As one of the world’s largest exporters of liquified natural gas (LNG), Qatar has used the surging demand for the ‘fuel of the future’ as a knife for carving out new trade routes. When the UAE enforced an embargo on Qatari cargo, Oman seized the opportunity to take over as the regional hub for maritime trade. In the second quarter, Qatar’s GDP grew a mere 0.2% as a result of the crisis, however, this soon accelerated to a staggering 5.5% in the following quarter. Contrasting this with Saudi Arabia’s GDP declinations of 0.4% and 1% in the same quarters, one might question who the true victim of the blockade is.
Saudi Arabia’s diminishing sphere of influence is simply ineffective against Qatar’s main import and export partners. Unless the Saudis can persuade Oman and the entire Far East to severe relations with Qatar, they will remain the only sufferers in what could be dubbed a tactless diplomatic move. The UAE has also been accused of attempting to manipulate Qatar’s currency, the Riyal, through fraudulent foreign exchange transactions. These accusations grew out of an investigation launched by the Qatari Central Bank last December. Recently the US Treasury has now been called upon to probe US subsidiaries of the First Abu Dhabi Bank (FAB). As expected, the FAB have denied such claims.
The failure of this financial war can be largely credited to the robust precautionary actions of Qatar, and strong support for the Riyal. With central bank reserves and sovereign wealth funds totalling over $300 billion, it is highly unlikely that one of Qatar’s neighbours will be carry out a successful assault on such a stable currency. Since 2001, the Qatari Riyal has been pegged at 3.64 Riyal to the dollar, and until the US decides to destabilise Qatari economic affairs, traders will not see a case for devaluation.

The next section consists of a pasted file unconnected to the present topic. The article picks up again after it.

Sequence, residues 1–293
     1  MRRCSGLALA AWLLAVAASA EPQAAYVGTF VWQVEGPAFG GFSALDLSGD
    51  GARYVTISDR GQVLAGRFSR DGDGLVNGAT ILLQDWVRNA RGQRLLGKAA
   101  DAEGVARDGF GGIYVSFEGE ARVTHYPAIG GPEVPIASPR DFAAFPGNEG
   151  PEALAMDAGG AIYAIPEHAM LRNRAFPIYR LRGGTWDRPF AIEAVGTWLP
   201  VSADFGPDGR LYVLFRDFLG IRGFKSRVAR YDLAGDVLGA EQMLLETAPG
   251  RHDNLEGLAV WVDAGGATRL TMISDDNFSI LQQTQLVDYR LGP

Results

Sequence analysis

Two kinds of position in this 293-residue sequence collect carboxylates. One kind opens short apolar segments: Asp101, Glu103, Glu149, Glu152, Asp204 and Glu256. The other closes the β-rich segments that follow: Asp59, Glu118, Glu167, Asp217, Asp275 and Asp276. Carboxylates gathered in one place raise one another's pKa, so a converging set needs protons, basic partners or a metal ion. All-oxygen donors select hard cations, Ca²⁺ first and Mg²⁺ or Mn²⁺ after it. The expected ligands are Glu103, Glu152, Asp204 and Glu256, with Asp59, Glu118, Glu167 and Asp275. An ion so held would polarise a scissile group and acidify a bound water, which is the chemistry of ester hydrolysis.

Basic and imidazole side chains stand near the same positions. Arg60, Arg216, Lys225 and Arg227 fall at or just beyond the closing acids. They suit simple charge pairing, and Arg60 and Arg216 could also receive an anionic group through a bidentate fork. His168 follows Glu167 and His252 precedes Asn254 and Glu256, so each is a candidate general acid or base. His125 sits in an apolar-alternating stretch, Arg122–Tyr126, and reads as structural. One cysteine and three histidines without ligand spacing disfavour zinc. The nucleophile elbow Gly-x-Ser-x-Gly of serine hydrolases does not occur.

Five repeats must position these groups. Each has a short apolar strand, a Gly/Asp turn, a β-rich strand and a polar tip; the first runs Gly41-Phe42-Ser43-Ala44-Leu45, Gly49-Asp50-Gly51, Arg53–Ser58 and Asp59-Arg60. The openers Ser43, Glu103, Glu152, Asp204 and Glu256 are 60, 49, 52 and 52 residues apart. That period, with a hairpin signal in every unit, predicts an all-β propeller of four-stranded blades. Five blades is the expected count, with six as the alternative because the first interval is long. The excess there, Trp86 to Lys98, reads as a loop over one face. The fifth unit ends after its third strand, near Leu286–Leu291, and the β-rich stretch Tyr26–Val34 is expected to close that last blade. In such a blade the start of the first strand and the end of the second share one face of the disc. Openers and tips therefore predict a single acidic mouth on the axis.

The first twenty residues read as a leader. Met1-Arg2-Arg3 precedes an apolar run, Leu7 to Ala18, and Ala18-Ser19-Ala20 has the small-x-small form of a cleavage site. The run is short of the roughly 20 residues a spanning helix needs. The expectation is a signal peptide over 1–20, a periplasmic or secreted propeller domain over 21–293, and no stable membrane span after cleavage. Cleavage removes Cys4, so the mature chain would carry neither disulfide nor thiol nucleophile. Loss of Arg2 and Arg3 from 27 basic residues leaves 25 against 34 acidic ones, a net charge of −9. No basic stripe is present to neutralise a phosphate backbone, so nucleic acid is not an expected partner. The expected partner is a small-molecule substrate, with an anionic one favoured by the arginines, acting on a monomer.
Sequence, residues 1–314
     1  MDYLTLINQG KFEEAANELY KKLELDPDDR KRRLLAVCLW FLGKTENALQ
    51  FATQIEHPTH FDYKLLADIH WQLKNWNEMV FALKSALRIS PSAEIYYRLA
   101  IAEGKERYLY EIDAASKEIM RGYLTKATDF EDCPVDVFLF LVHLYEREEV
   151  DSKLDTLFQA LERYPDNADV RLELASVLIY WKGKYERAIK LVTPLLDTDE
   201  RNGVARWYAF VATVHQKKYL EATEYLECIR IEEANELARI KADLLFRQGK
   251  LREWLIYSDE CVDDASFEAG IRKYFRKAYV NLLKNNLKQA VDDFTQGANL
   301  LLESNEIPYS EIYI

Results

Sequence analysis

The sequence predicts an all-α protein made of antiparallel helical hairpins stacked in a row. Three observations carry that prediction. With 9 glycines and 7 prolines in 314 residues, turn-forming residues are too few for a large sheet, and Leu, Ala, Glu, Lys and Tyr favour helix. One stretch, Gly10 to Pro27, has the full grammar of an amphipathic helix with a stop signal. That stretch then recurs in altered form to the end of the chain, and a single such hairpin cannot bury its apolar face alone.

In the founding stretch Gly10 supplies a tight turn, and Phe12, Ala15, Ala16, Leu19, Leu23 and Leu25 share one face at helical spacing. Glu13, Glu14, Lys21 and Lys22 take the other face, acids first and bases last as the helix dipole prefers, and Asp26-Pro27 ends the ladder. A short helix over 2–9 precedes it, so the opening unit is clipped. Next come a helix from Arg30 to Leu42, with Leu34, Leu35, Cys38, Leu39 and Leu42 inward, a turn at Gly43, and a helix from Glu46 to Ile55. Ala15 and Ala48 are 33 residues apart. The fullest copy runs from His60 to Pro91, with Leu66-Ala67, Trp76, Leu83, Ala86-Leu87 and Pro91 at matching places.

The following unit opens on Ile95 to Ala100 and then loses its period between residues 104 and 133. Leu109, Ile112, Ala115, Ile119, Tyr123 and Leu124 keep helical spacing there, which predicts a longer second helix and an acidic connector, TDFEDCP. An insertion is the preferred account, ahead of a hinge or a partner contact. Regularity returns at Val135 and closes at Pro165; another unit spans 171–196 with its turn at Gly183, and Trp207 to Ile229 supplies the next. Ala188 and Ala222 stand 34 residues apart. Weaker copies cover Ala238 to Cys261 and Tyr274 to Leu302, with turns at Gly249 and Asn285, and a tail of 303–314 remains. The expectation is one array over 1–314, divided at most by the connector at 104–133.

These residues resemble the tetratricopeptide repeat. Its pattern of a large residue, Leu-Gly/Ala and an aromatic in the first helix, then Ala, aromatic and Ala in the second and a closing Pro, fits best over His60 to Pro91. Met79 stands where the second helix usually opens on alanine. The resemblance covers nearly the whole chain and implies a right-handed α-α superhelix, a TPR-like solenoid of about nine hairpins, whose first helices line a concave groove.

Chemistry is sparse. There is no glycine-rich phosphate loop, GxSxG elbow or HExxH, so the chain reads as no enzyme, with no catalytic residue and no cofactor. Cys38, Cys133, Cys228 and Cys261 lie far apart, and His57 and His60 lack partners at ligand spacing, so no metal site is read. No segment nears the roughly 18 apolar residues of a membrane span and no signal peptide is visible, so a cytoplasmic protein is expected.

Last June, I posed the question whether a third Gulf War was on the horizon given the US’ overreacting influence in the conflict. After almost a year without resolve, the US has withdrawn from its ‘divide and rule’ directive and is now favouring a swift resolution. On 20 March, President Trump met with Crown Prince Mohammed bin Salman (MbS), Saudi Arabia’s de facto ruler. According to a senior White House official, Trump has pressured MbS to reconcile with Qatar and end their destructive dispute. Evidently, the US is distancing itself from threat of the Iran-Turkey-Russia-China quartet – an alliance which truly rivals the unrestrained power of the West. Any escalation of current regional conflicts would redirect Saudi dollars away from US coffers, a scenario which does not suit American interests.
General Mattis has been coordinating with the Saudis to strike a conclusion for the war in Yemen. What makes this interesting is that, for such a feat to be achieved, the US must also be in continual, undisclosed dialogues with the Iranians. The nature of these discussions would further implicate the US in their desire to dismantle their once useful Arabian ally.
Qatar has been overwhelmingly successful in managing its affairs throughout the crisis; its currency and economy have stabilised, new partnerships have been struck with global leaders, and the seemingly small Emirate has projected itself as a potential regional superpower. Overall, it would be incorrect to refer to this situation as a crisis as it is merely pressuring Qatar to transition to self-sufficiency at a faster pace, a scenario which was inevitable. All eyes will be on this diplomatic drama, and its conclusion, similar to that of the Thirty Years’ War in Europe, will shape the region for decades to come.